I thank the Chair for the opportunity to speak and I thank Deputy Durkan for bringing an important question to the House. I would like to speak in support of the points that Deputy Durkan is making. On the new 2:1 ratio of expenditure on public transport to expenditure on roads infrastructure, it is important that we prioritise many of the vital smaller schemes around rural Ireland. In my own constituency, as the Minister of State is familiar with, I have been seeking to have the Castlemartyr and Killeagh scheme prioritised to alleviate the 24,000 passenger vehicles travelling along national routes through small villages. It is important for the Government to fulfil commitments that have been made through the new NDP and in the engagement process beforehand to ensure that these types of projects get full prioritisation, funding and support from the Government. They are needed in addition to the welcome investment in public transport.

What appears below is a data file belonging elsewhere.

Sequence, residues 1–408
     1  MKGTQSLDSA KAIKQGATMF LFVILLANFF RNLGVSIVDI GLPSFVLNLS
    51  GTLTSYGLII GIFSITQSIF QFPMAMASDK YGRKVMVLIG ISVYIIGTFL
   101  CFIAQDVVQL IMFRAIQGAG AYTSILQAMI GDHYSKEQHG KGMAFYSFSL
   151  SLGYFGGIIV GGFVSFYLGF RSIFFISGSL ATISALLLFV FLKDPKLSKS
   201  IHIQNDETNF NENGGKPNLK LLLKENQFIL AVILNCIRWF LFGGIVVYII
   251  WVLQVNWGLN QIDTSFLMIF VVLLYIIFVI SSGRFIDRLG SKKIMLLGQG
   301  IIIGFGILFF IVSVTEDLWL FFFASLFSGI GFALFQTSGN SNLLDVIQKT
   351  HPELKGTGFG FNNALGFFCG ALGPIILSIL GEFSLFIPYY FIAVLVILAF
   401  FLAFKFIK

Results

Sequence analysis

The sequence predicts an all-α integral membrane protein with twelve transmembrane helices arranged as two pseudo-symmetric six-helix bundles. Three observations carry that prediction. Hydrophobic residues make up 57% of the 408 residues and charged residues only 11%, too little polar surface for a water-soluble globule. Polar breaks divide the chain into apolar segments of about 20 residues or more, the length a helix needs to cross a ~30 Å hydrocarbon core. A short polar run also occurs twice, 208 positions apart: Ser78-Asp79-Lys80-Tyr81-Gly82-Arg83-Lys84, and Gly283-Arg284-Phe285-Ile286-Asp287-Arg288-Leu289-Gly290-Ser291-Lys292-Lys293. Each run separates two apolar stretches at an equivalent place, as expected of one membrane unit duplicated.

I thank both Deputies. A list of projects is mentioned in the NDP. Projects currently under construction are the M50 traffic control management unit, the N5 from Westport to Turlough, the N56 from Dungloe to Glenties, the N22 from Baile Bhuirne to Macroom, the M8 Dunkettle interchange, and the N5 from Ballaghaderreen to Scramoge. There are other projects earmarked to begin construction within the coming months, for example, the N59 Moycullen bypass and the Listowel bypass. Deputies may feel that other projects are absolutely critical. We all have our own views on our own areas that we are familiar with, including local employment, local education and the connectivity that is required. It is up to the local representatives, working with local authorities, to put forward proposals regarding further projects that may be deemed necessary, looking at demographics, employment and future prospects over the next few years. That is part of the national development plan too. It explicitly states that local authorities can put forward proposals on projects that may be deemed necessary for their areas.